Scientists have discovered a new way to manipulate how cells function, a finding that might help advance an experimental approach to improving public health: DNA vaccines, which could be more efficient, less expensive and easier to store than traditional vaccines.
Their approach, based on research results published this week in the journal Proceedings of the National Academy of Sciences, improves upon an existing laboratory technique, transfection, widely used to study how cells and viruses work.
Jaquelin Dudley, a professor of molecular biosciences at The University of Texas at Austin, and her team have developed a method for boosting the amounts of certain proteins a host cell produces when genes are delivered by transfection. Coaxing cells to produce novel proteins, such as those associated with viruses, is a key feature of DNA vaccines. Dudley's method causes cells to produce novel proteins at levels 5 to 20 times as high as with previous methods.
The researchers suggest that their finding might lead to better DNA vaccines, a relatively new method of vaccination that health experts say would increase vaccination rates, especially in the developing world. Whereas traditional vaccines train the body to attack viruses by introducing weakened forms of the virus, a DNA vaccine works differently, using a bit of DNA specified by a virus to prompt the production of proteins that lead to immunity.
By boosting the amount of proteins produced by the hosts' cells, Dudley's new method might invoke a stronger immune response in patients receiving a DNA vaccine. And, by making smaller vaccine doses possible, it might also reduce the risk that the patient's immune system would inadvertently attack healthy host cells.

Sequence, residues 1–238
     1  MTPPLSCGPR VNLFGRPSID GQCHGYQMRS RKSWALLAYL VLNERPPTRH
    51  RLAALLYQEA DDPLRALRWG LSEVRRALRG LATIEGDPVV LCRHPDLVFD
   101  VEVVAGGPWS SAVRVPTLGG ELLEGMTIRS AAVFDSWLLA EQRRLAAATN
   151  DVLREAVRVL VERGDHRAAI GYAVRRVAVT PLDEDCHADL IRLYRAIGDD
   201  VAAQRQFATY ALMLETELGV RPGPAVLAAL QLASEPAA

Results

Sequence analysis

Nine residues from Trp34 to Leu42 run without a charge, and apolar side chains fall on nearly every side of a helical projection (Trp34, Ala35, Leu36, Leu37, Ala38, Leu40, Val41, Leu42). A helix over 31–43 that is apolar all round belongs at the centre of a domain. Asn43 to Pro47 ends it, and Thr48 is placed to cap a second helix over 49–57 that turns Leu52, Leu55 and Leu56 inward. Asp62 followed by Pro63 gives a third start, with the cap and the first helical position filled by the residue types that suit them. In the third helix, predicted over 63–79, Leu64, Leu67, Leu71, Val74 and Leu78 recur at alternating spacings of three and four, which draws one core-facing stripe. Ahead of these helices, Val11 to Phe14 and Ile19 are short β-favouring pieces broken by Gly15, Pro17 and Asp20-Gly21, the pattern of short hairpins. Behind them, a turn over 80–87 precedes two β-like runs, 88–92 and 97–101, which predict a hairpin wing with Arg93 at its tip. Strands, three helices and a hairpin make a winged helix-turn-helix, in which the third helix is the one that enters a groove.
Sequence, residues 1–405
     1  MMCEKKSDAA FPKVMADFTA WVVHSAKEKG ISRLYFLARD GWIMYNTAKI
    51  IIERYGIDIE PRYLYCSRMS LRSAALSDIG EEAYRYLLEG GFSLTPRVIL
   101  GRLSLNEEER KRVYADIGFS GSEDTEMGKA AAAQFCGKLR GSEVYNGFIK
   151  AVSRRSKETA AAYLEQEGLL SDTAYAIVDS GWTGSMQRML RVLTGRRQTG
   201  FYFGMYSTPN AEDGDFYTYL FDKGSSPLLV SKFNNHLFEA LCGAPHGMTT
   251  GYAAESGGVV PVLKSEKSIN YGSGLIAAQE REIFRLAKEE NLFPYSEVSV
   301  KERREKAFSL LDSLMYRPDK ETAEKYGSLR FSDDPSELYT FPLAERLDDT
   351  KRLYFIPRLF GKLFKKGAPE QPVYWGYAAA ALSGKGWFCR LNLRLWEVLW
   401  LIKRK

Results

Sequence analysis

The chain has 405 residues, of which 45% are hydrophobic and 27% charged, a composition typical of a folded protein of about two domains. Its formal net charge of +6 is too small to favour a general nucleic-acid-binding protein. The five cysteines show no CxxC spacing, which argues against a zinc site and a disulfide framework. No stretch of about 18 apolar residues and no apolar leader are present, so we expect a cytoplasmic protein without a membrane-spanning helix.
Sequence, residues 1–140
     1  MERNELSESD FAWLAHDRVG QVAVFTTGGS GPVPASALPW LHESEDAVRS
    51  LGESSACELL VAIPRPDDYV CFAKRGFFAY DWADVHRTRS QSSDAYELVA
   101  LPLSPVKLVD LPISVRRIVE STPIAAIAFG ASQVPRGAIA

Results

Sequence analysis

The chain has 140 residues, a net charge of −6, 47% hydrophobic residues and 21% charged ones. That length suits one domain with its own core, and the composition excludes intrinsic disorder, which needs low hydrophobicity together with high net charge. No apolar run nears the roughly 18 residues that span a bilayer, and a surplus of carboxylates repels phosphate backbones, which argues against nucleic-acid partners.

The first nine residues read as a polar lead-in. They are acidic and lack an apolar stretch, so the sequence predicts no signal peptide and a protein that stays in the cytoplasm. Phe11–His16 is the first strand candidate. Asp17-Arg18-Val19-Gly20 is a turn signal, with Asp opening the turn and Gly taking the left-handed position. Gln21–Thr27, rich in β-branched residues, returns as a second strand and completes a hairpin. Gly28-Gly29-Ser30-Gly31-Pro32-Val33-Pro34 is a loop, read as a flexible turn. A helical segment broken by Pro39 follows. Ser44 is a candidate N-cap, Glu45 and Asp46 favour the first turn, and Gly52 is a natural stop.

The scientists' discovery could also help advance another experimental approach: gene therapies, which treat genetic disorders by replacing or disrupting genes that aren't working properly. Gene therapies targeting Parkinson's, hemophilia, leukemia, cystic fibrosis and many other diseases are being developed, but gene therapies have proved difficult, as they sometimes induce a cancer or trigger an immune response against cells with the introduced genes. The new method for boosting novel protein production might prevent these effects by allowing the insertion of smaller amounts of DNA.
The method for boosting production of novel proteins in a host cell was discovered by accident. Dudley and her team were attempting to understand how mouse mammary tumor virus (MMTV), a virus related to HIV that causes breast cancer and leukemia, manipulates an infected host cell to keep the host's immune system from attacking it.
A bit of genetic material that was expected to produce lower levels of a certain protein instead caused cells to produce a lot more of it.
"Everything in the literature would indicate that something abnormal had happened," said Dudley. "But we went back and used several different detection methods to show that what we observed was real."
According to conventional wisdom, when a cell detects the presence of foreign DNA such as the one the researchers introduced, it shuts down production of proteins to prevent the spread of viruses.
"What we've described is that introducing these DNAs leads to a different detection system in the cell that, instead of shutting down protein expression, increases expression," said Dudley.
When the researchers combined this protein-boosting DNA with genes for other novel proteins and introduced them into host cells, those proteins were also produced at a much higher rate than with traditional methods of delivering genes. Dudley suggests that including this extra bit of genetic material could be applied to a wide range of research problems to increase the production of specific proteins within cells.
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